Rep. Max Rose concedes congressional race to Nicole Malliotakis after bitter campaign
First-term Democrat Staten Island Rep. Max Rose conceded Thursday that he lost his re-election bid to Republican challenger Nicole Malliotakis following a hard-fought, bitter campaign.
Rose, in a statement, acknowledged that he could not close the yawning 37,000-vote lead Malliotakis had in the machine count from Election Day last week, with the absentee ballots now being counted in the 11th congressional district that encompasses the island and southern Brooklyn.
“As we continue to count every ballot and are on track to dramatically narrow the gap by tens of thousands of votes to a 4-5 point margin, it is now clear that we will fall short of 50.1 percent,” Rose said.
“I have called to congratulate Congresswoman-elect Malliotakis on her win and concede the race. I promise every resident of the 11th Congressional District that we will ensure a smooth transition.”
Rose, an Afghan Army war veteran and reservist, came out of nowhere in 2018 to upset GOP incumbent Rep. Dan Donovan during the blue wave mid-term elections.
But President Trump was on the ballot this time around and clobbered former Vice President Joe Biden at the top of the ticket in the Republican-leaning district, aiding Malliotakis and hurting Rose. The freshman Democrat also was on the hook for voting to impeach Trump.
Malliotakis, a popular state assemblywoman first elected in 2010, captured two-thirds of the vote in the district when she was the Republican candidate for mayor in 2017.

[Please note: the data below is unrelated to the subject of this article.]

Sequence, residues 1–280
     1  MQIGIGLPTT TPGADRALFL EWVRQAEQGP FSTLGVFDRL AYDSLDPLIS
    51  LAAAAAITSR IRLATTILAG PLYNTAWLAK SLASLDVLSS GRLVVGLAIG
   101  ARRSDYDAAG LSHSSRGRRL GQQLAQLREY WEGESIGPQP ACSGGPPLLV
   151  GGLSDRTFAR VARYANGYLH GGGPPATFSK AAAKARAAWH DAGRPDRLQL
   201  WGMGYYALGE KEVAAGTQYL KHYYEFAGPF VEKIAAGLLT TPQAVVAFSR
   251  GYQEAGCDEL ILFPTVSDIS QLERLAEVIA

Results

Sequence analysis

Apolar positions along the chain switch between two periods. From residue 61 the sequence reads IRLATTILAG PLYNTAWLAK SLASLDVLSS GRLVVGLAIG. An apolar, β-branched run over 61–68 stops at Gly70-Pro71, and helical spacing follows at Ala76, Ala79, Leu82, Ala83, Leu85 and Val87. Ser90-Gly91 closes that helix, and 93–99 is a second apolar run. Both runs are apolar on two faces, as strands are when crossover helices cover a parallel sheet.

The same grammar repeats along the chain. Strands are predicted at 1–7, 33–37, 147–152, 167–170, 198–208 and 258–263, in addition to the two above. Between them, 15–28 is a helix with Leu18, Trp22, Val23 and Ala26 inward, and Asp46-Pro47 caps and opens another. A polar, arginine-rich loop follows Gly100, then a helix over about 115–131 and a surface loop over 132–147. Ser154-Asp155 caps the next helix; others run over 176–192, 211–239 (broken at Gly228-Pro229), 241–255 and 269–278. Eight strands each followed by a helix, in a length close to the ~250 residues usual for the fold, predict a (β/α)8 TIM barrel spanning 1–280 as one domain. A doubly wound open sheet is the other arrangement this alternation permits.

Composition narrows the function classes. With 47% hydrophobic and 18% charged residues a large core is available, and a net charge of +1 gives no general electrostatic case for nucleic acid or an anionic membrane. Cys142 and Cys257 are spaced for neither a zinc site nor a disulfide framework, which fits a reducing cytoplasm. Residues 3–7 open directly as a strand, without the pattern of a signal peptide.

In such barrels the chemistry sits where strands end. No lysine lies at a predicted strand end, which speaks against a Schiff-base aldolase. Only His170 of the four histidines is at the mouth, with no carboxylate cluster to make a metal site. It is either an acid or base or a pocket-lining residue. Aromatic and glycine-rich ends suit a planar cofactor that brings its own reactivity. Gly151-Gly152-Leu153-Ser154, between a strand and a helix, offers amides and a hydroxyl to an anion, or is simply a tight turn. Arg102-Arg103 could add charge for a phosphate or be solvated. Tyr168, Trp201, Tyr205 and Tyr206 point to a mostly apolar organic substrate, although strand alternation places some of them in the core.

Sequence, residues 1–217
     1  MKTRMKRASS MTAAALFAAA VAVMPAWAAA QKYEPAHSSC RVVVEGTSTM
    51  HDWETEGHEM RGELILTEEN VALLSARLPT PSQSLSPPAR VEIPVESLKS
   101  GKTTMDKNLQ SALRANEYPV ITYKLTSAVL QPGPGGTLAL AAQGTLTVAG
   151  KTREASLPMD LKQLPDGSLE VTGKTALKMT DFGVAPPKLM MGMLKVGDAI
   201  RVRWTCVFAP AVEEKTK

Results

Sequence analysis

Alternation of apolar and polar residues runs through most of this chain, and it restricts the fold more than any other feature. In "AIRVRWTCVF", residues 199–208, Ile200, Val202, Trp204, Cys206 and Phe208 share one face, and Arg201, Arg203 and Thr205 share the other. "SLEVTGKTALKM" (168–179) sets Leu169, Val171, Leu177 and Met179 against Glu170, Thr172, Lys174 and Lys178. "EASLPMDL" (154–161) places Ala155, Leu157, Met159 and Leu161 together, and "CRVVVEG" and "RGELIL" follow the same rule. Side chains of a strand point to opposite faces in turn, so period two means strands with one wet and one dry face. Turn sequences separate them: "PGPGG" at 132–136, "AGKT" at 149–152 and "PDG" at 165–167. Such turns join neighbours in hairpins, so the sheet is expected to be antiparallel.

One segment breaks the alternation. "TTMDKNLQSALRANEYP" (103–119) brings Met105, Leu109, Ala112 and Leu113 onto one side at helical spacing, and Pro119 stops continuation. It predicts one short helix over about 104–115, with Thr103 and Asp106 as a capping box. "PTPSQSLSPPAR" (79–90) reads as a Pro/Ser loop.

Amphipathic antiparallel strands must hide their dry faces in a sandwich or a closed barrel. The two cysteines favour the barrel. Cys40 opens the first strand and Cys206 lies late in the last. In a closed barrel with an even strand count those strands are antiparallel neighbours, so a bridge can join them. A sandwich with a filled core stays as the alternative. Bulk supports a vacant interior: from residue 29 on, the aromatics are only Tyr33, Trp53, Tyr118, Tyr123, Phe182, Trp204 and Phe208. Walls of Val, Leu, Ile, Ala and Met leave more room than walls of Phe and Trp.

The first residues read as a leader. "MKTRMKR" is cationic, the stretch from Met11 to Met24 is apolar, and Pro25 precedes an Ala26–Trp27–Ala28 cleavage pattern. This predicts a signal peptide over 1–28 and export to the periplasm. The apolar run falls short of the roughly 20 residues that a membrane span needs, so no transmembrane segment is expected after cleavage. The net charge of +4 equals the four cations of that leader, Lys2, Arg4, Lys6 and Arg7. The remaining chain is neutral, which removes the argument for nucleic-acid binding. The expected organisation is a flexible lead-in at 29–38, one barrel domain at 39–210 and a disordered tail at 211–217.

She effectively tied Rose to fellow Democrats who called for defunding the police and approved a state law eliminating cash bail for many criminal defendants. The assemblywoman was backed by the PBA and a coalition of law enforcement unions.
The GOP challenger also hammered Rose for taking part in a Black Lives Matter/anti-police brutality march on Staten Island following the death of George Floyd in Minneapolis. Some of the protesters carried anti-cop and defund the police signs.
“Our city, and our country, stand at a crossroads. Far too many Americans feel unseen, unheard or even betrayed by those entrusted with leading us through these difficult times. All of us in public life have a responsibility to try to heal the divisions and restore faith and trust in each other. I know that we can summon that spirit because we’ve done it before,” Rose said.
“I am immensely proud of everything we accomplished in the last two years including, but not limited to: permanently funding the 9/11 Victim Compensation Fund, making real and significant progress to combat the opioid epidemic, securing millions to improve our commutes, enacting split tolling to take thousands of cars off the expressways at no cost to commuters, and cutting through the red tape to finally begin construction of the East Shore Seawall.
“Representing this district has been the honor of my life. …. I love Staten Island and Brooklyn. This is our home. No matter the challenges we face, I will be on the frontlines with you fighting to make this city and country a better, safer, and more united place.”
Rose and Malliotakis bludgeoned each other with millions of dollars in attack ads amplified by outside groups. Rose called Malliotakis a fraud and the assemblyman slammed the congressman as a radical leftist and clone of Mayor Bill de Blasio.
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